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Blog Home AMRBeautyCultureHairHealthSalonStyleTrendsUncategorised
6 Dec

I wouldn’t know where I would be without my hairdressers, probably hiding under a garbage bag with atrocious hair. I have been through many hairdressers and now have two who I absolutely love and trust, switching between the two if one is not available. They have fixed up bodgie haircuts by other hairdressers, given me brilliant fashion colours, corrected my colour, given me expert advice on how to maintain and care for my hair, and made me look and feel fantastic. There is no feeling better than walking out of a salon with fresh hair and people praising me for my amazing locks. On top of this, they are like my second therapists who know how to listen while I confide in them.

Hairdressers are not praised enough for the work they do; they are not just hairdressers but stylists, artists, technicians, confidence boosters and confidants. They are trained and qualified professionals who have developed their knowledge and cultivated their skills and artistry for years to become the technician they are. Credit and respect must be given when it is due; they are the masters of their craft and not revered enough for the work they do. We choose our hairdressers because they are amazing at what they do, and they are grateful that you have chosen them to be your hairdresser.

Hairdressers have it tough enough as it is without clients making life harder for them. They work arduous hours on their feet all day and even forget to eat their lunch because it can get that busy in the salon. As clients, we can help make their jobs easier by coming prepared and giving them the courtesy and respect that they deserve. They are, after all, doing their best to make us happy and look our best. There are some ways you can help your stylist out and I took the liberty of asking some of our in-house hairdressers what their thoughts and opinions are on the matter. Here are some things your hairdresser wishes you knew.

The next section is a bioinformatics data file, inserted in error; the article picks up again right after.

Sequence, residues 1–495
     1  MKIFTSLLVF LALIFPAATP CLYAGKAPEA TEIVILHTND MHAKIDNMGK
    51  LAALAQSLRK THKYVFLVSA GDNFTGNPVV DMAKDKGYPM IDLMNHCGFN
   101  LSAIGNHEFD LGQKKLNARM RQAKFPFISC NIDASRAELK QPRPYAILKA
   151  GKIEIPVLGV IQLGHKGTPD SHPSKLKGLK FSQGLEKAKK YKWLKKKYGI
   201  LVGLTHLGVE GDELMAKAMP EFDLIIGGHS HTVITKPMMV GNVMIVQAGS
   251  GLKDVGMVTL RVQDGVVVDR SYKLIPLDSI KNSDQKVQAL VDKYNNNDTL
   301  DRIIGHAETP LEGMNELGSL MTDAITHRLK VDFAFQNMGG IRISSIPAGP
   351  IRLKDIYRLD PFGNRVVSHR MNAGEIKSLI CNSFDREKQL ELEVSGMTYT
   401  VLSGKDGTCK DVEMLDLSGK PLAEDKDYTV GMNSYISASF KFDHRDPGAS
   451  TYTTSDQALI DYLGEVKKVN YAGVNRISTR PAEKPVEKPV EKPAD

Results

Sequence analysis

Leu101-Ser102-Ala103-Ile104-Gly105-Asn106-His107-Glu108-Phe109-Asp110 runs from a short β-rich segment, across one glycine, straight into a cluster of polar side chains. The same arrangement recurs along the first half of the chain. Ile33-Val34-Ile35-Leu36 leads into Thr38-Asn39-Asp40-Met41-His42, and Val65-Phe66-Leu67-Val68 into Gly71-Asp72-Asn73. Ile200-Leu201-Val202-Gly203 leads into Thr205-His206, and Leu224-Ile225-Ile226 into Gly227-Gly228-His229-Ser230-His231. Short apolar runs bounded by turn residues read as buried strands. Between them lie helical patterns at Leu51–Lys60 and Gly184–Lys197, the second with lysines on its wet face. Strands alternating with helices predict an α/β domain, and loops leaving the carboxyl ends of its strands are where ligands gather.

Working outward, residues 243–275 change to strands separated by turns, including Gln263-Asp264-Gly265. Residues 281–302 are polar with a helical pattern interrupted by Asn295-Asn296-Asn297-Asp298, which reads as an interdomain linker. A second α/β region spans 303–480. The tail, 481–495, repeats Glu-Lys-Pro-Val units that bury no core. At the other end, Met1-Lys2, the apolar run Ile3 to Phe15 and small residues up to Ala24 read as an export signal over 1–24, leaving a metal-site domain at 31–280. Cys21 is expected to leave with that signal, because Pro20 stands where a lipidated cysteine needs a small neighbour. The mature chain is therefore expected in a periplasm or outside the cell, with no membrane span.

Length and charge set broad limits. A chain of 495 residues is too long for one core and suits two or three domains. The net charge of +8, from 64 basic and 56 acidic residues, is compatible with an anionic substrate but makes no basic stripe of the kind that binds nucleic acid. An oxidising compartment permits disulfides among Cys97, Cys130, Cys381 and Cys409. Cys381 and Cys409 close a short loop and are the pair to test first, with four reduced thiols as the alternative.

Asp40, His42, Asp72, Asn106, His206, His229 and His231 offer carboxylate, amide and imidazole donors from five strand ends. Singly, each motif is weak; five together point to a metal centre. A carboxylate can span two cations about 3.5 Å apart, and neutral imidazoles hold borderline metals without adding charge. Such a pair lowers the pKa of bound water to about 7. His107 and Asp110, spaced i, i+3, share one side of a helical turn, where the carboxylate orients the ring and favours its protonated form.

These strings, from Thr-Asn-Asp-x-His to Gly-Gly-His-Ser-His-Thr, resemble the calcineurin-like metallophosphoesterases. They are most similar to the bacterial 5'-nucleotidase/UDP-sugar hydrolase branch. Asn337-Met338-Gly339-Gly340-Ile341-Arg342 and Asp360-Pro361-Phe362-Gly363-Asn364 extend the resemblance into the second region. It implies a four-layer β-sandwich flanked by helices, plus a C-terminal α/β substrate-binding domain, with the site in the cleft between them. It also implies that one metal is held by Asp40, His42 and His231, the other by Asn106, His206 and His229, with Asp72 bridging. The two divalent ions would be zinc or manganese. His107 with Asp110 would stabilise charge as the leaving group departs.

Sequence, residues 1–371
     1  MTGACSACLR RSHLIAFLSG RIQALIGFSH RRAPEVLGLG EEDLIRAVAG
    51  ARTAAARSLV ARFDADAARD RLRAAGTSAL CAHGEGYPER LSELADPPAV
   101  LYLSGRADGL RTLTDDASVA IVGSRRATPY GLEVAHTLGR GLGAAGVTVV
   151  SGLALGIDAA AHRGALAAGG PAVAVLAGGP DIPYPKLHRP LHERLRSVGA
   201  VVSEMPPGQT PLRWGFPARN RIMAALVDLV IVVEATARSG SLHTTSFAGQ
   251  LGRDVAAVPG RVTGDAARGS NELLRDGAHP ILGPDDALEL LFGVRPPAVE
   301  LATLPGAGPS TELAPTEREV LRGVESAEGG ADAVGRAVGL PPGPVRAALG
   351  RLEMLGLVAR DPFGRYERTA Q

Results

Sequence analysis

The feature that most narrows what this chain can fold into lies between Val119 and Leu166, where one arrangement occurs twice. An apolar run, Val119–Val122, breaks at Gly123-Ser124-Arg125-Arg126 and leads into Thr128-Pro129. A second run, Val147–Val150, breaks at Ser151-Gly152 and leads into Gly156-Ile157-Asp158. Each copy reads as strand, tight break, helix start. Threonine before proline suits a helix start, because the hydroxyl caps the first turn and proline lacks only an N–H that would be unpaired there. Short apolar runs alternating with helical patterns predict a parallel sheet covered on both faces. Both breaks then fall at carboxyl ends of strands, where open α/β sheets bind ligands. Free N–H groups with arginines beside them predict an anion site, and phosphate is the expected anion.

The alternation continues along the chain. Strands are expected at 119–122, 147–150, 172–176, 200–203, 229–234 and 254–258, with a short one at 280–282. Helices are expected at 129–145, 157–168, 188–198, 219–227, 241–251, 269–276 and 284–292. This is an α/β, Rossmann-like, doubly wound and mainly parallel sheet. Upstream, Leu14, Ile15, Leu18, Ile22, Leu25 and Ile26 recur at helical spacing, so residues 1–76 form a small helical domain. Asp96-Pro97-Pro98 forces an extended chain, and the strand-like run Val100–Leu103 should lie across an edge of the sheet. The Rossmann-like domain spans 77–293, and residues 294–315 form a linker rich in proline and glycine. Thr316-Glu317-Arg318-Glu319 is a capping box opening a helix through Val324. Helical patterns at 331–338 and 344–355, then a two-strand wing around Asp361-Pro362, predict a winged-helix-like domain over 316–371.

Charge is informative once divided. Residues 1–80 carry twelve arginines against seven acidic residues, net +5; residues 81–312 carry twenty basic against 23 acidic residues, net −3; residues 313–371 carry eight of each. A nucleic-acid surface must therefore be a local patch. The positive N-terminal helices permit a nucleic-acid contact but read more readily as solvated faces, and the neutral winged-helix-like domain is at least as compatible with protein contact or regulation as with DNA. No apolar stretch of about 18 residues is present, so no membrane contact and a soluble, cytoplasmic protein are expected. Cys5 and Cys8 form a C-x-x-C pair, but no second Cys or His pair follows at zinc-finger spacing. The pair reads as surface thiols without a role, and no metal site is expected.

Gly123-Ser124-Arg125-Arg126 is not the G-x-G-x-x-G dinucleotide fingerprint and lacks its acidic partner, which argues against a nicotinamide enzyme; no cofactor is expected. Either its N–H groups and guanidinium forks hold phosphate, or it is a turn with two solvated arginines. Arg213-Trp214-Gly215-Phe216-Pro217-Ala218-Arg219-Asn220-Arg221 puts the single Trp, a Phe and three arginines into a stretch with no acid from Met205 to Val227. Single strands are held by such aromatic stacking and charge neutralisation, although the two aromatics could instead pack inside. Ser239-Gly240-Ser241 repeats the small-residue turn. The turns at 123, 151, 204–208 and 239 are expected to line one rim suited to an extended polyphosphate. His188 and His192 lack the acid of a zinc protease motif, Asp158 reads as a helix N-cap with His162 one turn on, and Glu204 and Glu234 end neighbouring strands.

1. Be Clear About What You Want

 

At least, for starters, know what you want before your appointment. Do your research and find images of the haircut or hair colour you would like. Hairdressers aren’t mind readers. They can’t always know exactly what you are talking about, so show them examples. Bring along your inspiration.

Hairdresser Samantha says, “If you have a vision, please bring photos.” Pictures will help the stylist have a clearer image of what you want and how they can help you achieve your desired look.

Make sure you research the correct terminology for hairstyles and specific with what you want. Don’t always trust what you see online if it has been reshared or pinned by people who aren’t professional hairdressers. For instance, hairdresser Alyce says, “I’ve had clients come in and ask for a concave cut with body, but no layers. If you want body, then you need layers, otherwise it will be a solid concave cut.”

If you know what you want in advance, you can even save time by sending a photo to your hairdresser, so they can prepare and let you know how long the service will take. Knowing what you want and being clear about what you want allows the stylist to do what they do best; create.

 

2. Have Realistic Expectations

 

As amazing as hairdressers are, they aren’t magicians. There are so many factors which affect your cut and colour results. When choosing a style, it is important to not have unrealistic expectations. Make sure the look is achievable and attainable.